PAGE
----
In South Africa, hospices and community-based care organizations have been designed to take care of those that are homecare workers, and the expansion of home care technology has increased the care giving responsibilities of families (Steinberg, 2011). Family caregivers are being asked to shoulder greater burdens for longer periods of time. In addition to more complex care, conflicting demands of jobs and family, increasing economic pressure, and the physical and emotional demands of long-term care giving can result in major health impacts on caregivers (Shebi, 2006). Home based caregivers who experience the greatest emotional stress tend to be female. They are at risk for high levels of stress, frustration, anxiety, exhaustion and anger, depression, increased use of alcohol or other substances, reduced immune response, poor physical health and more chronic conditions, neglecting their own care and have higher mortality rates compared to non-caregivers (Tarimo.etal, 2009). Home-based care has emerged as an effective method of providing cost-effective and compassionate care to people infected with HIV and AIDS. Many governments have acknowledged the need and value of caring for people living with HIV and AIDS in their homes. In South Africa, this was recognized by the government in 2004 as being an effective care measure when the government called for the establishment of 600 home-based care programmes by 2005 (Ehlers, 2006). In 2002, the World Health Organization published a framework for establishing community and home-based care programmes in poorer nations in response to the growing realization of their valuable role in dealing with the epidemic (WHO, 2002).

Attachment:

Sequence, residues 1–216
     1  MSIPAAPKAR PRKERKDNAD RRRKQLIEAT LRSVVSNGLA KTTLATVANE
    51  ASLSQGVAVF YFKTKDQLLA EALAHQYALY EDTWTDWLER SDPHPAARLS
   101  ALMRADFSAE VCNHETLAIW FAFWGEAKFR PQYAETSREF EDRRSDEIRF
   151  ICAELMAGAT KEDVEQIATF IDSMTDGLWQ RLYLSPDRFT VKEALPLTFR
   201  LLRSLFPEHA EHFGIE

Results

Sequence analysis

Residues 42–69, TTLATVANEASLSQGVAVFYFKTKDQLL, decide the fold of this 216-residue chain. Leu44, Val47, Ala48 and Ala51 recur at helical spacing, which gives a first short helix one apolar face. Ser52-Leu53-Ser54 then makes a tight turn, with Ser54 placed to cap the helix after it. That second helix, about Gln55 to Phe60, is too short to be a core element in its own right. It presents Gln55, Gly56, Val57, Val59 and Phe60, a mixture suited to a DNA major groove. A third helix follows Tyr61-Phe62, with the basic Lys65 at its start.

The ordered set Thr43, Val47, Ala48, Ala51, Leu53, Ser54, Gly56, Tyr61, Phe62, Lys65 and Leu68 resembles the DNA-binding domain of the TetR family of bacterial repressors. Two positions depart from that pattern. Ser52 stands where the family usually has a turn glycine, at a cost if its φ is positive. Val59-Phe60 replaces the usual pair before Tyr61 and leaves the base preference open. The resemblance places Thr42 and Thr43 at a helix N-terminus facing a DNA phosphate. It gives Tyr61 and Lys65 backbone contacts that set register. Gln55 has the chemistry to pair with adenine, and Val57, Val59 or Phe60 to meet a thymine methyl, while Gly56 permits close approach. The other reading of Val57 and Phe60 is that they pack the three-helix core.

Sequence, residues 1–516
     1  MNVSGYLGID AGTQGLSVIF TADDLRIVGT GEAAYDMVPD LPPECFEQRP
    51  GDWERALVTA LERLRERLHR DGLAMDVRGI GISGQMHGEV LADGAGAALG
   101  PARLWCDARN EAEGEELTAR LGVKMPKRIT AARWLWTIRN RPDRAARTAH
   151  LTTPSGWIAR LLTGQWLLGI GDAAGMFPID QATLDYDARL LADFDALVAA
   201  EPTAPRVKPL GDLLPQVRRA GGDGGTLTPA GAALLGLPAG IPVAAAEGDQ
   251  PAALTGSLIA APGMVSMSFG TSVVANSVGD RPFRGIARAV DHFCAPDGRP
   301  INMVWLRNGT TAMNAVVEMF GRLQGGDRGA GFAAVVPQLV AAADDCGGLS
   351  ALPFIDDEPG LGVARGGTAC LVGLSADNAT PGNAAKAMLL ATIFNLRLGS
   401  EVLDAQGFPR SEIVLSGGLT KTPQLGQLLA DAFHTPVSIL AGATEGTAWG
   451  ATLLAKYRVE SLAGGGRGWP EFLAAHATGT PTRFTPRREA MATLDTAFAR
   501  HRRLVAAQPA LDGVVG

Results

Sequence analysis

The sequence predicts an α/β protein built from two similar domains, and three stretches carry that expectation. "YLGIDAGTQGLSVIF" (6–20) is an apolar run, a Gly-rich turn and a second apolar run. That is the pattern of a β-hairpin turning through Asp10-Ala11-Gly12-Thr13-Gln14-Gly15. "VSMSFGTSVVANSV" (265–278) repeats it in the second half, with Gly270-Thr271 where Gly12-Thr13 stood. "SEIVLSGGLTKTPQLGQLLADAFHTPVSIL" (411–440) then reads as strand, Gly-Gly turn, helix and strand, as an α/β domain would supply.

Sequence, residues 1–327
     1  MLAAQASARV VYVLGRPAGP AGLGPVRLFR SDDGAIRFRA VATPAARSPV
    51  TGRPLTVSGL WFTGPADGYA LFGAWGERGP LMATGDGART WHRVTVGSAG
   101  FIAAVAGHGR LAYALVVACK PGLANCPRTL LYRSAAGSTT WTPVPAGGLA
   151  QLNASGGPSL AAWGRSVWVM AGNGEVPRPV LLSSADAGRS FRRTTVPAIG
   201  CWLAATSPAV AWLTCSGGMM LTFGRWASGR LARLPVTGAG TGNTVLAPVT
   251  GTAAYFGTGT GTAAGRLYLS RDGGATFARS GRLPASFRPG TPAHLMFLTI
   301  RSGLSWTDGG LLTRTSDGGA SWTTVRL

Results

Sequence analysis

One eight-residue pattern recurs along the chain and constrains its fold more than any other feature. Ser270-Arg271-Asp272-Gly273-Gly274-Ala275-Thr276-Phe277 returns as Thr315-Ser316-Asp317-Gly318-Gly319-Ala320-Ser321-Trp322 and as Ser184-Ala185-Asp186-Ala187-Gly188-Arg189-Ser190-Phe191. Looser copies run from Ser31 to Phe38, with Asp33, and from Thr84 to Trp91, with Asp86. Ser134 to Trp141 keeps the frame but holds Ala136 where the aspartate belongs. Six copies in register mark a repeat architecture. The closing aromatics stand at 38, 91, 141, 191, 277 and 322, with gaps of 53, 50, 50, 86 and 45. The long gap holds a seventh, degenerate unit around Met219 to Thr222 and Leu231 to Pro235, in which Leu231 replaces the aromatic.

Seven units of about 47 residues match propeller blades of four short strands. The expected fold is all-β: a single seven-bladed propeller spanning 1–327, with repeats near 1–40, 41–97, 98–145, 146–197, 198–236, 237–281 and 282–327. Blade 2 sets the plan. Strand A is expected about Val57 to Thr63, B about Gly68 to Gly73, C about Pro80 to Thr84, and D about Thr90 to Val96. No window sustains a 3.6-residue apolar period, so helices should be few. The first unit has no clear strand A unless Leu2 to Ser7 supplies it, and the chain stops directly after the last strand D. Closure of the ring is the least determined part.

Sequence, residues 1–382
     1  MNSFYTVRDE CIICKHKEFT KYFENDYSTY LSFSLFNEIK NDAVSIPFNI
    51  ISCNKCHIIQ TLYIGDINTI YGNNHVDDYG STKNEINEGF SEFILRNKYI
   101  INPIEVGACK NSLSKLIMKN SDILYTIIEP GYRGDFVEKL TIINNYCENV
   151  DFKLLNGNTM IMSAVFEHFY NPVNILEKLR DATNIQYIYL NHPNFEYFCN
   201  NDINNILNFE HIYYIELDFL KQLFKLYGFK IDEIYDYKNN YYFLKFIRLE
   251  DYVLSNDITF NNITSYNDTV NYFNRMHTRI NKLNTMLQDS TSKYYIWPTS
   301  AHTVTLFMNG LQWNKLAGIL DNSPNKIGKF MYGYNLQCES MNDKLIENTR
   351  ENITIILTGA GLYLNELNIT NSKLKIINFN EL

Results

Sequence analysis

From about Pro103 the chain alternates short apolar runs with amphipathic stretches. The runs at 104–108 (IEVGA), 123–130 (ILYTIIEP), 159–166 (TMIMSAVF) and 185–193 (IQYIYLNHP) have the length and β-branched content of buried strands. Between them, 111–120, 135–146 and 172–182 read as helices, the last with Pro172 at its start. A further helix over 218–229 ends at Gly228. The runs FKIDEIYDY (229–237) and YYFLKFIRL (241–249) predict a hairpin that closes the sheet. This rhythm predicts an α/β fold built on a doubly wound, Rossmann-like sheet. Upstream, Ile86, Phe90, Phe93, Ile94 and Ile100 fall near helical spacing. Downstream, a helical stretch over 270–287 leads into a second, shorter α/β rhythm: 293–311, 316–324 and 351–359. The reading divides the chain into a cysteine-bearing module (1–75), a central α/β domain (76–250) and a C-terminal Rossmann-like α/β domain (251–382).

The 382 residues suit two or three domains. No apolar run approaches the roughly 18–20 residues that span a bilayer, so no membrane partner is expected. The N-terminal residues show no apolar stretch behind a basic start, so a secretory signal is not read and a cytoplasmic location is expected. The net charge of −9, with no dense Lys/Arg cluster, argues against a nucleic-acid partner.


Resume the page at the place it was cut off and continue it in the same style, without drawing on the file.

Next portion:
National guidelines have been established by various countries including Kenya, Tanzania and Malawi (WHO, 2002). However these guidelines could not be made operational due to lack of funds. Despite this lack of coordination in Community Based Home Care (CHBC) there have been sporadic government based home care initiatives in Kenya. For example in 1999 to 2000, 50 people were trained in the districts of Nyando, Kisumu, Rachuoyo and Kuria. In addition 24 people received a diploma in home based care in Nairobi and central provinces. These training programmes were conducted by personnel from mild international in collaboration with the University of Nairobi, and Kenya Voluntary Women’s Rehabilitation Center (KVOWRC). Although this training programmes were helpful in sensitizing health care personnel to the care and support needs of people at home, due to lack of government funds, this training has not been maintained (Onyango, 2009). However, despite the recognition of the vital care work that goes on in the home, many caregivers and home-based care organizations are not sufficiently supported.